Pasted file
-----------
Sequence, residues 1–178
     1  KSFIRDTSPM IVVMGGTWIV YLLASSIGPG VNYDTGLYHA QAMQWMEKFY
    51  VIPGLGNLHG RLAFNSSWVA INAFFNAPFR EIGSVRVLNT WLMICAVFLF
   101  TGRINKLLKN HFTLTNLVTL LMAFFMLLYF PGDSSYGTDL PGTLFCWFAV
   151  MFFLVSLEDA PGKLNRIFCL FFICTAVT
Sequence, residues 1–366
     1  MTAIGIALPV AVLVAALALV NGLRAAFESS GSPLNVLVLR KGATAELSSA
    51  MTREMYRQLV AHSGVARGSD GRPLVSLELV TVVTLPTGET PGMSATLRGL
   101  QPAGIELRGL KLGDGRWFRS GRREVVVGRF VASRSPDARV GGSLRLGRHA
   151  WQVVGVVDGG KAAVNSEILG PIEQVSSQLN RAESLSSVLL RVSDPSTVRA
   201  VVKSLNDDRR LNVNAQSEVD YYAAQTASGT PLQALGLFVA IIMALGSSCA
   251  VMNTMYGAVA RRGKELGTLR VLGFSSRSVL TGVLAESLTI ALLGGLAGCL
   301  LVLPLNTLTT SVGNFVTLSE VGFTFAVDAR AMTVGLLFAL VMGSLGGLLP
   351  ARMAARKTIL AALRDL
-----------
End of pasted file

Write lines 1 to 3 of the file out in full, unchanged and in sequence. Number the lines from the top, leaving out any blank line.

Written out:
Sequence, residues 1–178
     1  KSFIRDTSPM IVVMGGTWIV YLLASSIGPG VNYDTGLYHA QAMQWMEKFY
    51  VIPGLGNLHG RLAFNSSWVA INAFFNAPFR EIGSVRVLNT WLMICAVFLF